Drugging Our Way Out of the HIV Epidemic


When antiretroviral drug cocktails hit the scene in 1996, they were so effective they became known as ‘the Lazarus drug.’ Many AIDS patients recovered seemingly overnight. Over the past 15 years, these drugs have saved the lives of millions of people infected with HIV. Several new studies suggest antiretrovirals could save millions more if we start using them for prevention as well as treatment.

Last July, researchers reported that a vaginal gel laced with an antiretroviral called tenofovir reduced HIV acquisition among South African women by 39% overall and by 54% in women who used the gel faithfully. Then, in November, a separate team of researchers reported that an oral antiretroviral pill taken daily reduced the risk of HIV infection among men who have sex with men by 44%. This year, on May 11, researchers announced the results of another study. They found that HIV-infected individuals — both men and women — who took antiretroviral drugs were a whopping 96% less likely to pass the virus on to their partners than individuals who didn’t take the drugs. The results are preliminary, but Myron Cohen, the HIV researcher who led the study and spoke on Monday at the New York Academy of Sciences, said he is confident that the large effect will hold.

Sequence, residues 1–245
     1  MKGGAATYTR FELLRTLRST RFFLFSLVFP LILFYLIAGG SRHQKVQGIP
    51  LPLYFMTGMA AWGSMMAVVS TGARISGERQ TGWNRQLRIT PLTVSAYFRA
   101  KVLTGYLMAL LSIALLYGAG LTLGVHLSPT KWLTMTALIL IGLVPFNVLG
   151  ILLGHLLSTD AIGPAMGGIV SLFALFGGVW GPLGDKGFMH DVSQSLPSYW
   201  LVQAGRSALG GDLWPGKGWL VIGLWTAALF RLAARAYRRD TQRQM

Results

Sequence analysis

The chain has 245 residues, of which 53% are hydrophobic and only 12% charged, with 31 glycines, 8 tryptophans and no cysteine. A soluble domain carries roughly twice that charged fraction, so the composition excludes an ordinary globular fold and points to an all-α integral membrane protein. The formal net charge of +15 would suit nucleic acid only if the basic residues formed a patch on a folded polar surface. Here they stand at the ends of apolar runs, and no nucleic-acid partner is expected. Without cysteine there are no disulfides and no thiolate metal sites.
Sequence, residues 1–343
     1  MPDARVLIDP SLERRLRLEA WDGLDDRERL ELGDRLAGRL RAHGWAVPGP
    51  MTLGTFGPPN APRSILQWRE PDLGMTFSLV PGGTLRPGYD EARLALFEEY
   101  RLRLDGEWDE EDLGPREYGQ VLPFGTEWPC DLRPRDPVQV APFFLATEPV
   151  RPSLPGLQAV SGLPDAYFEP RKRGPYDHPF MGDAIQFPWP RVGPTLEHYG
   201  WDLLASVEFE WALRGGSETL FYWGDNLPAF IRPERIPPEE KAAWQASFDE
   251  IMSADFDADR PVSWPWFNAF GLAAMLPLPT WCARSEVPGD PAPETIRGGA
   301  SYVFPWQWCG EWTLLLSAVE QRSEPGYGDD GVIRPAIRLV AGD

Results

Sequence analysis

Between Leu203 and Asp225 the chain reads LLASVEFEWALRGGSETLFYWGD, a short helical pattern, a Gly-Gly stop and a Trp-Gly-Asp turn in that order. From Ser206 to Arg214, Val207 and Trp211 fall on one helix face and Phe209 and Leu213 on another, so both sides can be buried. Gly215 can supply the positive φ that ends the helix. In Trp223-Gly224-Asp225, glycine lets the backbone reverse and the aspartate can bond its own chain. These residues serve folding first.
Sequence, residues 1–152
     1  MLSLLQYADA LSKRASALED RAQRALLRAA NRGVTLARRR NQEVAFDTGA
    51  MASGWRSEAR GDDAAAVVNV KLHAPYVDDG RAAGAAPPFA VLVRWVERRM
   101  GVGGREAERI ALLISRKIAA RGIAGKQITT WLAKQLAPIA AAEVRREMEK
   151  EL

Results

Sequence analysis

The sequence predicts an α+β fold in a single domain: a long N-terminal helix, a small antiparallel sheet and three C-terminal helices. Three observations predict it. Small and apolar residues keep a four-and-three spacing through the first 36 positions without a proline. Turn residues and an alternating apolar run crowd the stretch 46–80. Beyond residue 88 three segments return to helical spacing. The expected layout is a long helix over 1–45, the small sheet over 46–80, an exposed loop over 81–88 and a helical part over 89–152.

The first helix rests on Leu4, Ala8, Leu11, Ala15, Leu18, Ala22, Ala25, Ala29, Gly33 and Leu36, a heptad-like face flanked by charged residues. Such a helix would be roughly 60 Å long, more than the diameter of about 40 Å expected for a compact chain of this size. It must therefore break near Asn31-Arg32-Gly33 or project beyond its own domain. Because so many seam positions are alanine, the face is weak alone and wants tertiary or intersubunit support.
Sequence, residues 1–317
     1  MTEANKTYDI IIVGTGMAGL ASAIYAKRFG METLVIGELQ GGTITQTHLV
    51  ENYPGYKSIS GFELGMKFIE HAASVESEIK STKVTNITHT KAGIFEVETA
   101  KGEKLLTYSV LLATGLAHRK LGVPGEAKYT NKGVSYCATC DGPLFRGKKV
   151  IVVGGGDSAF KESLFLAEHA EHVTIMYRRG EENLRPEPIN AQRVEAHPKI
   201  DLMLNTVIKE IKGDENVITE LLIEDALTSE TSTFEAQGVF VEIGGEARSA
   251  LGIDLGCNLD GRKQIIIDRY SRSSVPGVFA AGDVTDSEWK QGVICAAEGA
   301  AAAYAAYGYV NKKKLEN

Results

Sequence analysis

These fantastic results beg the question: Can we drug our way out of the HIV epidemic?

Researchers have long suspected that people who take antiretrovirals are less likely to pass HIV on to their sexual partners. The idea makes a lot of biological sense. Antiretroviral drugs stop HIV from replicating, which means fewer copies of the virus floating around in HIV patients’ blood and, presumably, their genital secretions. But the hypothesis had never been proven in a randomized clinical trial. So in 2005, Cohen began a study to test the hypothesis.

He and his colleagues recruited 1,763 discordant couples—meaning one person was infected with HIV and the other wasn’t—in Botswana, Brazil, India, Kenya, Malawi, South Africa, Thailand, the US, and Zimbabwe. They randomly assigned each couple to one of two groups. In the first group, HIV-infected individuals received antiretrovirals right away. In the second group, the researchers more or less followed the standard treatment guidelines, delaying treatment until the disease progressed.

On April 28, the independent committee charged with overseeing the trial met at the National Institutes of Health for their tenth meeting. At each meeting, the committee members would review the data and decide whether the trial should continue. After this most recent meeting, they told Cohen they had a recommendation, but they couldn’t yet tell him what it was. Cohen, who has never been allowed to see the results, assumed the worst—that the early treatment hadn’t worked. Then he received a phone call. The committee told him they had seen such a dramatic benefit that they wanted to release the results.

On May 11, Cohen held a press conference to announce the results. During the study, 28 individuals had become infected with their partner’s strain of virus. But only one of those infections occurred in the early treatment group. The other 27 infections occurred in couples not taking antiretrovirals.